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Ride-sharing not a threat: Goodyear

Goodyear sees potential in evolving automotive landscape with ride sharing and AVs

26 Apr 2019

By TUNG NGUYEN in RONDA, SPAIN

GOODYEAR expects more business opportunities and even growth as the global car market shifts towards new ownership models such as subscriptions and ride sharing, as well as autonomous vehicles.

Though experts are predicting less vehicles on the road in future, which means less tyres, Goodyear Europe vice-president and chief marketing officer Mike Rytokoski told GoAuto at the launch of brand’s new Eagle F1 SuperSport tyre range at the Ascari track in Spain that the future looks bright for the company.

“We actually look at it (ride sharing) as an opportunity, and the reason being is very simple as our focus in on technology and any change that drives technology, it suits us well because I think we are well positioned for that,” he said.

“Now, who knows exactly what happens in the future … but some of the projections said initially there will actually be an increase in new-car sales because of all these changes and then after that there may be fewer cars, but the mileage driven will actually go up.”

Mr Rytokosk reasons that fewer cars may be on the road, but with constant use, consumables such as tyres will still need to be replaced more frequently, which is the same viewpoint Goodyear is taking with autonomous vehicles.

“How that plays out, we actually see that that’s probably an opportunity, more than anything else and the same goes for autonomous vehicles,” he said.

“And the great thing about autonomous vehicles is that it will provide mobility to people who today don’t necessarily have mobility.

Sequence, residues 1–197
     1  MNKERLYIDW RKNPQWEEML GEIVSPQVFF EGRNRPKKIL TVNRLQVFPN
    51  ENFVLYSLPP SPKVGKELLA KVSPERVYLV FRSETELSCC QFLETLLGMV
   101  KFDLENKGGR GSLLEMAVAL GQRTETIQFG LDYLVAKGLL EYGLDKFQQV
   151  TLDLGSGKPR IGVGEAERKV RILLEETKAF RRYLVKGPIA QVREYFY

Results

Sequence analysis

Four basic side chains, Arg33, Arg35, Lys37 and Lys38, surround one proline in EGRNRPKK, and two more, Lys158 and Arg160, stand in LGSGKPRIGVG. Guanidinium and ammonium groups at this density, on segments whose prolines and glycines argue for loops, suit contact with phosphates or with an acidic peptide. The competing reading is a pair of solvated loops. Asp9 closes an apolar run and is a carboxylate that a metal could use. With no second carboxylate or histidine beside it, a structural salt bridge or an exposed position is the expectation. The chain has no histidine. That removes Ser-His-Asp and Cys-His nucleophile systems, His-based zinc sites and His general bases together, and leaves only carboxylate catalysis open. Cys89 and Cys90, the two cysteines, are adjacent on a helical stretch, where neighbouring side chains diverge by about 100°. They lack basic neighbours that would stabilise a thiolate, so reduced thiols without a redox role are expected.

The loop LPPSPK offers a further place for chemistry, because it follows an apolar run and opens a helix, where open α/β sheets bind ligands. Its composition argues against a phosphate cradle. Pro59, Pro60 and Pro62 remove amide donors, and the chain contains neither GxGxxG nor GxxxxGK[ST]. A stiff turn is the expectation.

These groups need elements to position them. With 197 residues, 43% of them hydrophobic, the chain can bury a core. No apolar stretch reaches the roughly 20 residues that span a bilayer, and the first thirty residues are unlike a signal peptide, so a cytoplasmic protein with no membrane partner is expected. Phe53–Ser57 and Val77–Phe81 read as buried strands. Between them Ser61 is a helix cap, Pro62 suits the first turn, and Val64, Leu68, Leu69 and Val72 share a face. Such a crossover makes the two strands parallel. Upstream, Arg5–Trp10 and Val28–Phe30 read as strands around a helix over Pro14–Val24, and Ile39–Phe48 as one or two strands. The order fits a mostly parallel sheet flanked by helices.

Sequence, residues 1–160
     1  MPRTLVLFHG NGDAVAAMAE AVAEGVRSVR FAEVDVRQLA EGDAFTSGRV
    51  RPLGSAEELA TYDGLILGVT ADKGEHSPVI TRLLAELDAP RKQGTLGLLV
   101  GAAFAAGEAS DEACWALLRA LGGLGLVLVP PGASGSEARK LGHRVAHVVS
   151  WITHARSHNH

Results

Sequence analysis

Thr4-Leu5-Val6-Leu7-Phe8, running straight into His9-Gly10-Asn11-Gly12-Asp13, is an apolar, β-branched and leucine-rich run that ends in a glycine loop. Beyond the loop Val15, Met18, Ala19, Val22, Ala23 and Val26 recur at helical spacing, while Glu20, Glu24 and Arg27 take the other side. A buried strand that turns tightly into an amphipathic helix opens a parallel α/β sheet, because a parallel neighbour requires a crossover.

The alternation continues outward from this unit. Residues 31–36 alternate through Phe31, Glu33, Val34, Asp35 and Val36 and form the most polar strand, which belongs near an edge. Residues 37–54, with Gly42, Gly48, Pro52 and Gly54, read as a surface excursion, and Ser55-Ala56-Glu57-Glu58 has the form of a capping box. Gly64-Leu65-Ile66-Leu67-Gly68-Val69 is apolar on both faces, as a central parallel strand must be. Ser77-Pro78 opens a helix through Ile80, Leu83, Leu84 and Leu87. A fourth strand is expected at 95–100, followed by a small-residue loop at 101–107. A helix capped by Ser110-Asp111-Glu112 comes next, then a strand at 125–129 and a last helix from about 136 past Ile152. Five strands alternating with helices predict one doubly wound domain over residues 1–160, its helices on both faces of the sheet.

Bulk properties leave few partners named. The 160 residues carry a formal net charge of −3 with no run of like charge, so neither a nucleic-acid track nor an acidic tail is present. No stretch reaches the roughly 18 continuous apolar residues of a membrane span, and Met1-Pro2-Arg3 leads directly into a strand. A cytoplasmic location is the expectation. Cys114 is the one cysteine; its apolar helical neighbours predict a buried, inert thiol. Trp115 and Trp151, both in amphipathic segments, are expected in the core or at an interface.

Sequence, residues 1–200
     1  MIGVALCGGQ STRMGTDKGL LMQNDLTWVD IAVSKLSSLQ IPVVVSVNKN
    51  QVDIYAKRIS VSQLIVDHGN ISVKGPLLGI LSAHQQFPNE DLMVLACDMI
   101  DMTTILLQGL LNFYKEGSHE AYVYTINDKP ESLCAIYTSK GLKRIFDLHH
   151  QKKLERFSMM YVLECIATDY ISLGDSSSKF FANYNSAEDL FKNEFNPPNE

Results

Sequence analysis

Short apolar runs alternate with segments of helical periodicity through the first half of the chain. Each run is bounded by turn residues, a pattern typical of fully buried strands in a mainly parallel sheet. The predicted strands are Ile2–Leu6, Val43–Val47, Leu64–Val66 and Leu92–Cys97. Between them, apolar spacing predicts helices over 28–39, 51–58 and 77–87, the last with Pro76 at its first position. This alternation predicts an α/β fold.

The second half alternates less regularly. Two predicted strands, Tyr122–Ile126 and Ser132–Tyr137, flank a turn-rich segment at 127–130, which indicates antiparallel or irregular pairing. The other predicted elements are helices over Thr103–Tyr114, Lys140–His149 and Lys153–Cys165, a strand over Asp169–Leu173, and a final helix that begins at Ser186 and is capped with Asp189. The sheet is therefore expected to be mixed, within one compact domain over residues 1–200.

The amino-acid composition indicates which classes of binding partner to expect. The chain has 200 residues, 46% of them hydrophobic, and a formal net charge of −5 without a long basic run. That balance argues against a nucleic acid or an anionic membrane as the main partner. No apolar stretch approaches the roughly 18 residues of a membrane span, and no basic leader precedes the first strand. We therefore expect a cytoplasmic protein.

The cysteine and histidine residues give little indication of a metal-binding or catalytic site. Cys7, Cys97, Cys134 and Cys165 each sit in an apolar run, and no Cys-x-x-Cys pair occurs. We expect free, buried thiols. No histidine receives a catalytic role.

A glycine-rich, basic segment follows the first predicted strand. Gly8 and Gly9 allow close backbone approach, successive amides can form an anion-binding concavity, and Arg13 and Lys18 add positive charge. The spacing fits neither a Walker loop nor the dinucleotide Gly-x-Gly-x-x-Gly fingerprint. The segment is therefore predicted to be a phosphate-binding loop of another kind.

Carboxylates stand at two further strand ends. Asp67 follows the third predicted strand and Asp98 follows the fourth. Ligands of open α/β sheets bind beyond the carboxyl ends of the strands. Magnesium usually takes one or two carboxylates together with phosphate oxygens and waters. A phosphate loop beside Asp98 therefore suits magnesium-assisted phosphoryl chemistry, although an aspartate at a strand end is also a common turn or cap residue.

“And when that happens, the projections are that the mileage driven will actually go up.

“Tyres aren’t going away, from our perspective we see it as an opportunity.”

As for how Goodyear will take advantage of the rise in new technologies, Mr Rytokosk said the brand’s penchant for innovation – as showcased by its annual Geneva motor show tyre concepts – will push boundaries.

“In order for the autonomous vehicles to really work, you need to have sensor technology so the vehicle knows what’s going on, identify if there are any issues, so that’s where the connectivity and technology is going to be very important,” he said.

“All these developments that are taking place, whether it is electric, autonomous or connectivity or ride sharing, we actually think that it is a good fit with our technology and the areas that we focus on, and we see ourselves increasing to being more a mobility company rather than a tyre company.”

At this year’s Geneva motor show, Goodyear displayed a concept tyre for a flying car, as well as the illuminating rubber used on the Golden Sahara II, a restored 1950s Lincoln Capri that was used as a testbed for autonomous technologies.

In previous shows, Goodyear also unveiled a spherical tyre concept dubbed Eagle-360 and a special wheel with moss growing along the sidewall to reduce CO2 levels.

Though Mr Rytokosk admits these concepts exist “to just stimulate the thinking and show what could be possible”, he said the technology for each show tyre has a basis in reality and ideas such as the connected tyre is already beginning to make its way to production for autonomous vehicle trials.


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